In case you are not sure there was any significance between the earthquake and Jesus’ descent into the heart of the earth, don’t forget what happened when He rose from the dead.
“And behold, a severe earthquake had occurred, for an angel of the Lord descended from heaven and came and rolled away the stone and sat upon it.” (Mat 28:2)
This was not a small one, but a severe earthquake. It happened in connection with an angel of the Lord coming to roll the stone away from Jesus’ grave upon His resurrection. So an earthquake marked the moment His spirit went down into the earth, and an earthquake marked the moment His spirit came up out of the earth. And the Scripture says this was because of the angelic activity at that moment.
After triumphing over the kingdom of darkness at the cross, he made a public display of them in hell
It’s important to understand what Jesus did while He was in hell. The apostle Paul wrote:
When He had disarmed the rulers and authorities, He made a public display of them, having triumphed over them through Him. (Col 2:15)
The apostle John described his experience seeing the resurrected Jesus:
"When I saw Him, I fell at His feet like a dead man. And He placed His right hand on me, saying, 'Do not be afraid; I am the first and the last, and the living One; and I was dead, and behold, I am alive forevermore, and I have the keys of death and of Hades.'" (Rev 1:17-18)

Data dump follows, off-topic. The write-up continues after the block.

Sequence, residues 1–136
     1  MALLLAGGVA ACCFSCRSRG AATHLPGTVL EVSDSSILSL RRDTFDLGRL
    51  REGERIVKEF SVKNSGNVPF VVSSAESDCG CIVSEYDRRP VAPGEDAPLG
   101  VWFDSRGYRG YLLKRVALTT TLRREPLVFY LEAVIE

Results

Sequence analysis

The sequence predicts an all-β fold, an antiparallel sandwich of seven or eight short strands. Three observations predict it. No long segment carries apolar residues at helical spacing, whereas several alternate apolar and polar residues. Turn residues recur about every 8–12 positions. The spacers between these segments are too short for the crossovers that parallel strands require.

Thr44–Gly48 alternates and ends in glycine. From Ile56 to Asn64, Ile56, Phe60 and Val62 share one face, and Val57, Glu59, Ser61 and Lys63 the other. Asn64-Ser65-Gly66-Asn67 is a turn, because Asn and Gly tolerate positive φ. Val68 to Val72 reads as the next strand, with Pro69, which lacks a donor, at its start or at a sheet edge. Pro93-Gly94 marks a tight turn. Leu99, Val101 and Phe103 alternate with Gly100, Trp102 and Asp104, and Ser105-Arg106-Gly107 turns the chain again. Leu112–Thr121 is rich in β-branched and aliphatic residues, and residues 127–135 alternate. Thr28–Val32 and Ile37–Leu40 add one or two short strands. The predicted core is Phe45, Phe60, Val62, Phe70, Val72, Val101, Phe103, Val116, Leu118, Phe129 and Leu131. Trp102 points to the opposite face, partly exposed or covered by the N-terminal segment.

Following his Descent into Hell, He Appeared Before Ascending to Heaven
So what happened after this great triumph in hell?
“Jesus said to her, ‘Stop clinging to Me, for I have not yet ascended to the Father; but go to My brethren and say to them, 'I ascend to My Father and your Father, and My God and your God.'” (Joh 20:17)
Just as Peter and Paul taught, after His descent into hell, He appeared on earth alive, and then He ascended bodily into heaven victoriously.
Jesus Ascended to Heaven Leading a Very Large Group of Captives
But Jesus did not ascend alone into heaven.
“Therefore it says, ‘When He ascended on high, He led captive a host of captives, and He gave gifts to men.’" (Eph 4:8)